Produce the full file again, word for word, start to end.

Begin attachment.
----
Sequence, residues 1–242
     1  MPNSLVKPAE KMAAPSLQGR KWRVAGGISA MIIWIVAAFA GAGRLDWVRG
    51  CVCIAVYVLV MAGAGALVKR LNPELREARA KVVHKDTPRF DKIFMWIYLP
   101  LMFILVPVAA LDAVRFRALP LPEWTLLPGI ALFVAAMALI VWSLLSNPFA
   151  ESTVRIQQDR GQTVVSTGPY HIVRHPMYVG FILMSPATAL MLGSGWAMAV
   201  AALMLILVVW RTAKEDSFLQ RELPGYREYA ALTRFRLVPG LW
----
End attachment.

Sequence, residues 1–242
     1  MPNSLVKPAE KMAAPSLQGR KWRVAGGISA MIIWIVAAFA GAGRLDWVRG
    51  CVCIAVYVLV MAGAGALVKR LNPELREARA KVVHKDTPRF DKIFMWIYLP
   101  LMFILVPVAA LDAVRFRALP LPEWTLLPGI ALFVAAMALI VWSLLSNPFA
   151  ESTVRIQQDR GQTVVSTGPY HIVRHPMYVG FILMSPATAL MLGSGWAMAV
   201  AALMLILVVW RTAKEDSFLQ RELPGYREYA ALTRFRLVPG LW